Objective: To identify the motor strategies responsible for maintaining standing posture after deafferentation of the unilateral leg. Design: Pretest-posttest, repeated-measures design. Setting: A Japanese university hospital rehabilitation facility. Participants: Nine healthy subjects aged 25 to 32 years. Intervention: Two separate sessions that consisted of prolonged standing (control task) and standing until the H-reflex disappeared through the application of an inflated pneumatic cuff above the right knee. Main Outcome Measures: Center of pressure (COP), hip and ankle joint positions, and electromyographic activities. Results: In the control task, no time-related change during prolonged standing was found in any of the measured parameters. After deafferentation, the right soleus activity decreased significantly (P<.01), so the mean velocities of the COP in the anteroposterior and mediolateral directions were greater and the average COP position under the right foot shifted backward compared with those in the previous periods (P<.01). Also, the left tibialis anterior and soleus were activated, as was the bilateral gluteus medius. Conclusions: The unilateral loss of leg and foot sensory information necessitated additional regulatory activities to stabilize the standing posture. The newly organized posture appeared to partly simulate the standing posture in patients with sensory disturbance of a unilateral leg.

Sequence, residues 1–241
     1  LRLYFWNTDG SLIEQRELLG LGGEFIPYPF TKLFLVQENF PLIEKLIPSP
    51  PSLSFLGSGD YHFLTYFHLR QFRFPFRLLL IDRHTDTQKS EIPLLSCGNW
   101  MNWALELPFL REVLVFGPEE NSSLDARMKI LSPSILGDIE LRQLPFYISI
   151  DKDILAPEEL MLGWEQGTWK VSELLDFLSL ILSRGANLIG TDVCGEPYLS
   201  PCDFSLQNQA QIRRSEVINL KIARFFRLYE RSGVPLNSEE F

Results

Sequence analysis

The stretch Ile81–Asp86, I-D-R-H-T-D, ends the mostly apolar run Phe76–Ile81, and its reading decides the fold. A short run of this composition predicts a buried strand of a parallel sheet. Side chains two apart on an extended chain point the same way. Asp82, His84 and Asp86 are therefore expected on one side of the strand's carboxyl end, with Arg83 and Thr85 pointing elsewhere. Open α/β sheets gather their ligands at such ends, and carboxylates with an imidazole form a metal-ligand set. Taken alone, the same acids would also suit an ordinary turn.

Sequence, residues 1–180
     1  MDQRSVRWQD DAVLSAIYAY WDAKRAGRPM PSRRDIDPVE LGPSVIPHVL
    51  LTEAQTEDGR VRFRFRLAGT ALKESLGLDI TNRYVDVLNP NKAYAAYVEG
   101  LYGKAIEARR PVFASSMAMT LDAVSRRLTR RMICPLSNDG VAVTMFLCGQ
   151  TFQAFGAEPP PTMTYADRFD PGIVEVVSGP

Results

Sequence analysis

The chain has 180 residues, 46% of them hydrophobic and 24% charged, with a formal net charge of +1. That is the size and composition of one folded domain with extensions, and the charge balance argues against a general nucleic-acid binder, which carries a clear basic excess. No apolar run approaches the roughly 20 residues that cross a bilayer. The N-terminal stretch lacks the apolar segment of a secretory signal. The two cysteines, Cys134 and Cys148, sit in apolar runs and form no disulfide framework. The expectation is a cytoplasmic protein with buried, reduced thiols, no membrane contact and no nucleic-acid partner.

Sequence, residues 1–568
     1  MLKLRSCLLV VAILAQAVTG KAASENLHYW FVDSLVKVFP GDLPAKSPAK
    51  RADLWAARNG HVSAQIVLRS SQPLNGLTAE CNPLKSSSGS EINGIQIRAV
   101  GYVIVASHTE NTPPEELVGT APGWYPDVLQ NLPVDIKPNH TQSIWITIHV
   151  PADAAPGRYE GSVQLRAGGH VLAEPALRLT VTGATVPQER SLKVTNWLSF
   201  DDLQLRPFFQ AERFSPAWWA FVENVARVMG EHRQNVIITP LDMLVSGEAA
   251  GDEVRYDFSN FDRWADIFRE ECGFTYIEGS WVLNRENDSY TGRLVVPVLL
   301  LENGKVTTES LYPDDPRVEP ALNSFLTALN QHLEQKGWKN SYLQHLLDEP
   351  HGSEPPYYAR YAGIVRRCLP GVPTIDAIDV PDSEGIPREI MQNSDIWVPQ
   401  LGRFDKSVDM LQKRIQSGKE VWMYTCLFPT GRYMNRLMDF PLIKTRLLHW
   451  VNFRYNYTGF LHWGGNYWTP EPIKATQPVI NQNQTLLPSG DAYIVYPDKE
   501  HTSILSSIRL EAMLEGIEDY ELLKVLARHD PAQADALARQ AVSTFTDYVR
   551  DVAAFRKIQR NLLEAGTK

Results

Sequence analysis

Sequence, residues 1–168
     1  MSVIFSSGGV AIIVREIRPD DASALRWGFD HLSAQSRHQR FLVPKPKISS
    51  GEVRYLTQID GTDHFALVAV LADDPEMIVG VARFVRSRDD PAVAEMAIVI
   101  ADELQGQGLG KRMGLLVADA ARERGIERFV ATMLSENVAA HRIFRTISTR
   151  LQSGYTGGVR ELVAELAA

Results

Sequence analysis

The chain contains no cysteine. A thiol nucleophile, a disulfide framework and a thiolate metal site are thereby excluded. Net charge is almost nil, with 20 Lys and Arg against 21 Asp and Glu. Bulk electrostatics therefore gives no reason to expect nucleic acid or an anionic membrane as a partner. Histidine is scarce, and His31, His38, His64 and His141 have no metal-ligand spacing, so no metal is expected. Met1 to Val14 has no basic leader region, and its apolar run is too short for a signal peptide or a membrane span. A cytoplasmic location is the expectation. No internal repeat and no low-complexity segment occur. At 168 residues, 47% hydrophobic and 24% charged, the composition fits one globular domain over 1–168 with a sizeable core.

ASJC Scopus subject areas
- Physical Therapy, Sports Therapy and Rehabilitation